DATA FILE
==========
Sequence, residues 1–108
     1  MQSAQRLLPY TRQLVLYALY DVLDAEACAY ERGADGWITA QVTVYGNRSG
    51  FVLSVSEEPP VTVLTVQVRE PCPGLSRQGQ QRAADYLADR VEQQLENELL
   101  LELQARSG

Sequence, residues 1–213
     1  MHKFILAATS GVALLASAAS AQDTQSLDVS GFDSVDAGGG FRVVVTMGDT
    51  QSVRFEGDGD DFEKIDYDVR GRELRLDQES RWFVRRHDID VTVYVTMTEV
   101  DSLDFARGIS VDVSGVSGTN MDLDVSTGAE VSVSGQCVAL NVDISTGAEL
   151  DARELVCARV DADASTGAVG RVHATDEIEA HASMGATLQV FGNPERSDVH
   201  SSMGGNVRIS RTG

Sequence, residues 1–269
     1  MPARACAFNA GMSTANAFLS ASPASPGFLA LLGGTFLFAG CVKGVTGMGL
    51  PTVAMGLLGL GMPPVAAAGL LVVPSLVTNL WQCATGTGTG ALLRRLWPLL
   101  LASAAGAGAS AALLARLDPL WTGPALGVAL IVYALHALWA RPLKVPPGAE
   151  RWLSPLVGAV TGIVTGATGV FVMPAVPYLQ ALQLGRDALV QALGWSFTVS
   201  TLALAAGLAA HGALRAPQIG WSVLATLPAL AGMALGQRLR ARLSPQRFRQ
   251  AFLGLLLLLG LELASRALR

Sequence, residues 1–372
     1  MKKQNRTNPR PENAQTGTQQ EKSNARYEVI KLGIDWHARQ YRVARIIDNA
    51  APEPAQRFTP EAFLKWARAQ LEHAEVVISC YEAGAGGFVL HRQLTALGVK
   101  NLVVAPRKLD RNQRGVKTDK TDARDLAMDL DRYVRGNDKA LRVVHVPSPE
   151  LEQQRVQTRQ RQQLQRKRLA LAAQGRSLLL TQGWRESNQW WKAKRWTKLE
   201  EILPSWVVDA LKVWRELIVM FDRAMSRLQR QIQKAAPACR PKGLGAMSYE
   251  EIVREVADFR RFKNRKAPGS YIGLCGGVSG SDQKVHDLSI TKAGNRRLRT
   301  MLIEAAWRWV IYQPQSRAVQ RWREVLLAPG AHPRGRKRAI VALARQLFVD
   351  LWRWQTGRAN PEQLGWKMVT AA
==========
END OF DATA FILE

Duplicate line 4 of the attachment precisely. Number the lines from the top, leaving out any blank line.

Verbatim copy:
   101  LELQARSG